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to transition to the bay area and be in ohlone. damian: yeah, well, what is normal now because i think a lot of us have lost a sense of what normalcy really looks like. at ohlone what is normal at this point? or is it normal? eric: well, normal for us right now, we started school just this week, is having students back on campus. the majority of our classes are still online, but we do now have students and faculty on campus. it's exciting that after a year of sitting in my office and not seeing students and faculty, that we kind of have a college environment. i think one of the things about normal is the nature of that word is we're moving into what will be a new normal but i think we get to define that. and one of the things i try to remind our community is that what was normal didn't work for everyone, so we wanna now create what is normal that works for everyone and gives everyone access and opportunity. damian: all right, well, you know, but what a perfect name also for a college and it's been there for decades,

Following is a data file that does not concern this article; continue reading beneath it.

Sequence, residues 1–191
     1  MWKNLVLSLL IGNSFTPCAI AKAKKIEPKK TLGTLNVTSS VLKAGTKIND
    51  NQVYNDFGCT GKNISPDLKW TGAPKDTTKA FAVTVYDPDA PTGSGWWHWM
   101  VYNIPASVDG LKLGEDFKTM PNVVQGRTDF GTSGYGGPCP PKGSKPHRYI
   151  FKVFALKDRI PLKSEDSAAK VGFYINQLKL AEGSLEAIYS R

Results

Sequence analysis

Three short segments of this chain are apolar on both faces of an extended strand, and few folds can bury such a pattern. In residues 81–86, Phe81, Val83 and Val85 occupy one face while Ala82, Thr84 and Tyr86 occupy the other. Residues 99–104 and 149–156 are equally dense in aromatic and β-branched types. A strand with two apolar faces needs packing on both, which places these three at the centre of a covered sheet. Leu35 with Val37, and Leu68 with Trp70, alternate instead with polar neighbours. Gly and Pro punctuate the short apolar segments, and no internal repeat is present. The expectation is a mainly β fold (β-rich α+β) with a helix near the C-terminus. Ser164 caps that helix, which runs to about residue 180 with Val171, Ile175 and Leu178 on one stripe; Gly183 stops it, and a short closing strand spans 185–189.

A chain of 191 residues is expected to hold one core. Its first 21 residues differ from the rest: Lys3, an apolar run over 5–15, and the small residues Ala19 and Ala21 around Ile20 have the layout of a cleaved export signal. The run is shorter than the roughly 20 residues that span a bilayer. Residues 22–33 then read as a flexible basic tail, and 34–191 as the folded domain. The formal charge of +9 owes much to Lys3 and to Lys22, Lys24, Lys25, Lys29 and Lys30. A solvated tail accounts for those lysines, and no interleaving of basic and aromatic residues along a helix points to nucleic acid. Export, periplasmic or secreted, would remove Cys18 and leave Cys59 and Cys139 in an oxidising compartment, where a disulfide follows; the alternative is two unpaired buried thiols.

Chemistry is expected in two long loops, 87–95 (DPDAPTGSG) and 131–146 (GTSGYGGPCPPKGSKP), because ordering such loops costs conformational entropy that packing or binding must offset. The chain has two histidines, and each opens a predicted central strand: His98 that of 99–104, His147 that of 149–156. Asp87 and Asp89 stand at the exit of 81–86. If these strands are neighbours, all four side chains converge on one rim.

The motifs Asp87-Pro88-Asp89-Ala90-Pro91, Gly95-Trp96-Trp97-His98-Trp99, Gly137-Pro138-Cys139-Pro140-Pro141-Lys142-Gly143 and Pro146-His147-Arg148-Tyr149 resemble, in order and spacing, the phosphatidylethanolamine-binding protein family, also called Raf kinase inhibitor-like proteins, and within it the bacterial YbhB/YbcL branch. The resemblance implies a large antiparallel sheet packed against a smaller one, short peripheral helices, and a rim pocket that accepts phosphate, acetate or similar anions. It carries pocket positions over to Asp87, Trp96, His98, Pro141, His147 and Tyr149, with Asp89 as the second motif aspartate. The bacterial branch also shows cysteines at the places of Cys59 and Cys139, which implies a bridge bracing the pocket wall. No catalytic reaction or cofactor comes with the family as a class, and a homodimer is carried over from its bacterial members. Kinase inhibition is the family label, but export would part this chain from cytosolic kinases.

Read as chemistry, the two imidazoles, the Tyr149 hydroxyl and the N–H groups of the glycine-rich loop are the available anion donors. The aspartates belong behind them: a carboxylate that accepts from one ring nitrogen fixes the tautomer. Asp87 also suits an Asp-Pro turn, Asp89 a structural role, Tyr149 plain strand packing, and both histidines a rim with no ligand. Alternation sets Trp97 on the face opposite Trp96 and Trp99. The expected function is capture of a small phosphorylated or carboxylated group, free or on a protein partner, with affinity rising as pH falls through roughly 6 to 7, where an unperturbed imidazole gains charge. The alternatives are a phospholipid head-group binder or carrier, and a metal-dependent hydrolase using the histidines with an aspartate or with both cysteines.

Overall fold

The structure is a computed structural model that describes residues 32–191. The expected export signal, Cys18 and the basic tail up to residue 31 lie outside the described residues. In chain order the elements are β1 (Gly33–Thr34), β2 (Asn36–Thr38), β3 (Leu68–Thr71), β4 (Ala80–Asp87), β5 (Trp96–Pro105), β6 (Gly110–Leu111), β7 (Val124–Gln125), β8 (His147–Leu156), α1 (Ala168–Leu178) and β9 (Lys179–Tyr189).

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ohlone college. it's just a tribute to the native american ancestry here in the bay area; the ohlone nation is very strong here. so why, sir, why would a student want to go to ohlone? what is your sales pitch to them? eric: i think my sales pitch is that we're a college that provides access. we provide affordability. we allow students to come and redefine themselves and create their pathway to whatever that next step in their life is, whether that is to come and get an education and transfer or to come and get a certificate or take classes and then go get into the workforce. at the end of the day, every student that comes to college is looking to enter the workforce. the question is when do they need to go to get a bachelor's or a higher degree or can we get them into the workforce with some training. so this is the place i think that we want to keep people local so whether you go to college and come back or you get into the workforce here, we wanna see you come, get your